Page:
10. Anonymous says:

    Saying no is certainly your progative, but not if you are a real friend who is saying no to a friend of yours for over a decade. It is not always the right decision.to be so flip and tell someone “I’m busy, I’m heading out” and doesn’t have time to pick you up from a train, 5 minutes from their house to drive you 5 minutes, that’s just plain rude and certainly not a friend.
    Nothing is black and white and this blog is slanted in a way that “ever” asking for a favor is out of line and saying no should be the way to go to avoid being inconvenienced.

  11. Anonymous says:

    How about saying no to a life long, good friend, who asks for a favor once a decade! Do you think you have the right to say no then? Especially when the favor involves an hour of your time and if the request is for the next two to three weeks? My request was for a 10 minute ride from my friends house to pick me up at the train station and drive me 5 miles and catch up with an hour of coffee and conversation before heading off to see a relative.
    Do you think the friend asking for a quick ride and a cup of coffee should be told “I’m busy, I’m heading out, I need to be alone”! Is that right? There is a time when someone asks too much and there is a time when one favor should not be inconvenience!. This blog sounds totally black and white and selfish, it isn’t a matter of your right to say no if your friend has a request every decade if not more. There times when saying no is just a way of being selfish and having I really don’t give a dam about your needs anyway that is just plain wrong.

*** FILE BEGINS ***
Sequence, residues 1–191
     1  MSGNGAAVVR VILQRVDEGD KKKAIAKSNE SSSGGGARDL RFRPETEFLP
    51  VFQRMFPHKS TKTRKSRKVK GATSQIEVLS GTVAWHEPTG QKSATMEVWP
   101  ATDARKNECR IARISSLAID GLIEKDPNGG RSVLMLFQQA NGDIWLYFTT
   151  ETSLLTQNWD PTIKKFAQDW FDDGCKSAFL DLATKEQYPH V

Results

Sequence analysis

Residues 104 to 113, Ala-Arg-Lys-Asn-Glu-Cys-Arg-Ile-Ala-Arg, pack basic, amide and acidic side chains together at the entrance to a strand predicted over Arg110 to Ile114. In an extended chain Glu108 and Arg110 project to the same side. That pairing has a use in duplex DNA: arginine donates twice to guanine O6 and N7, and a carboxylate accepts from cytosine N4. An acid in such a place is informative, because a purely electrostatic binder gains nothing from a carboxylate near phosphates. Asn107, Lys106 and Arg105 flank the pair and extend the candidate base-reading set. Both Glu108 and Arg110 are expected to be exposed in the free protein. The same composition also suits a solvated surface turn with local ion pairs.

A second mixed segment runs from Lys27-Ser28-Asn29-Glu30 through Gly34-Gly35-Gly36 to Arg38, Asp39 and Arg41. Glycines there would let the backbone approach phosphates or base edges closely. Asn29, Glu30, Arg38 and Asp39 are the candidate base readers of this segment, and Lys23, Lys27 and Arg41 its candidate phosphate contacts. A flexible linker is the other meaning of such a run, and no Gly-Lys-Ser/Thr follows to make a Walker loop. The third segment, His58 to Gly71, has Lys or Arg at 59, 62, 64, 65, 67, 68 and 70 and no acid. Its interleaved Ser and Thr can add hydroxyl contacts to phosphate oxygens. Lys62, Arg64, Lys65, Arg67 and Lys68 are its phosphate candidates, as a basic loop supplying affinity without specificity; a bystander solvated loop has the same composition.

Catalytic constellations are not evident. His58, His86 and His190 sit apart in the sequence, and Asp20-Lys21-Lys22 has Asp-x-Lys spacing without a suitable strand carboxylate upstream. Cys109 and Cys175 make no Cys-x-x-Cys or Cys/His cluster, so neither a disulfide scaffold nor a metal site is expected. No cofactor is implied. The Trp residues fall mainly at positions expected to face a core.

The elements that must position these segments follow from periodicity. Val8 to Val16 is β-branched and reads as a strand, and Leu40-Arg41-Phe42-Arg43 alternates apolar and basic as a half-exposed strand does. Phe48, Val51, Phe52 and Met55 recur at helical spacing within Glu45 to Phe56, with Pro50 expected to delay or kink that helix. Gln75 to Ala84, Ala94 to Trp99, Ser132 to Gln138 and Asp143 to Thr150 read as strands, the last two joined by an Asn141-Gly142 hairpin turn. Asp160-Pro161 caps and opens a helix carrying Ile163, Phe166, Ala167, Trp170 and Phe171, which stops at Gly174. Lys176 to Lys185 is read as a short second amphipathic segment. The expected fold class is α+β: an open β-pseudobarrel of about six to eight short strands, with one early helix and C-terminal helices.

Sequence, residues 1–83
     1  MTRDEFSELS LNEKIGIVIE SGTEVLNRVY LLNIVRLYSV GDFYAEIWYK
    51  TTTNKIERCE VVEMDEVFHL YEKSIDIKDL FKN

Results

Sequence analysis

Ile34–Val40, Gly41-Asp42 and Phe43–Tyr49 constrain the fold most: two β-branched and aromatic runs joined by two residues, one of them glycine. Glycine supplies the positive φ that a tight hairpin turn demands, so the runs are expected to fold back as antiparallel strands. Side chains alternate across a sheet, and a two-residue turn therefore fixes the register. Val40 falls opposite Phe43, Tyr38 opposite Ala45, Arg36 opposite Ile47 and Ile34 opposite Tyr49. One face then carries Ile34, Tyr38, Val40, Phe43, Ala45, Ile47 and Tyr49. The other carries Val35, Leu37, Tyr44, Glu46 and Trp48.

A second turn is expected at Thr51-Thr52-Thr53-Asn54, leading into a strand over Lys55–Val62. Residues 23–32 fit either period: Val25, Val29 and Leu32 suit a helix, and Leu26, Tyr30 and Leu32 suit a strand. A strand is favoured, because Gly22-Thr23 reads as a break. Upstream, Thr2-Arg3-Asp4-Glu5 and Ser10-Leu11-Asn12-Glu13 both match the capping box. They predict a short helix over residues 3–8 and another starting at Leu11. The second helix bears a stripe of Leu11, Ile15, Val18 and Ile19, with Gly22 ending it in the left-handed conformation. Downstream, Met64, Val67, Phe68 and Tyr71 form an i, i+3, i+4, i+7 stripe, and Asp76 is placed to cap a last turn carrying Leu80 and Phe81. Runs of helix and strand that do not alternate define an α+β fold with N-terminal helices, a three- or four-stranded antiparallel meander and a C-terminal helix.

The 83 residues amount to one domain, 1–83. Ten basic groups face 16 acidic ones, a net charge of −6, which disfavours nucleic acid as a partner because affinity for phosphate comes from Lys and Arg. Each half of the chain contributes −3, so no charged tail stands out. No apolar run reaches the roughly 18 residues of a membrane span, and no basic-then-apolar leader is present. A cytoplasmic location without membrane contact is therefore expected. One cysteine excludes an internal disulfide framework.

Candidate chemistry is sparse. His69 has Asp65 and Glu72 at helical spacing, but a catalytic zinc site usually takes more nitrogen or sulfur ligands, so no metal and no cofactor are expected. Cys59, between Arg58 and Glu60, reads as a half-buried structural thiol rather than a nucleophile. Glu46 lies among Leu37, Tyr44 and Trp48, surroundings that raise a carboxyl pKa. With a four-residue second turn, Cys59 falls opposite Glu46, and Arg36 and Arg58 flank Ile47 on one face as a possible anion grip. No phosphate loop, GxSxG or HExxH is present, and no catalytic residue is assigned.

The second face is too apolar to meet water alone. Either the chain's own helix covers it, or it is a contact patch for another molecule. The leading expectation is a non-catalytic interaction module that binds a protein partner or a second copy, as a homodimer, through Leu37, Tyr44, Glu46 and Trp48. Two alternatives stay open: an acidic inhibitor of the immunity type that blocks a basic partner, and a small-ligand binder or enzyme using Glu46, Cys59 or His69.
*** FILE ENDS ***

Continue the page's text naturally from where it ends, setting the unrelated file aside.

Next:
12. waterwisegroup says:

    Hey friend thanks for sharing these tips I liked these ones. I think we can use what you have mentioned here also but nature of opposite person also matters in this case as sometimes saying no with no harsh sentences but then also other will act unexpected way because i have also experienced this condition. Anyways hope these tips will help us in future relationships also.

  13. Irene says:

    Thanks for adding such thoughtful comments. In the end, these are difficult situations and everyone has to find their own way—one that feels both comfortable and authentic to them.

    I’m glad that you read this blog and took the time to contribute your advice.

     

    Best, Irene

     

  14. Mara says: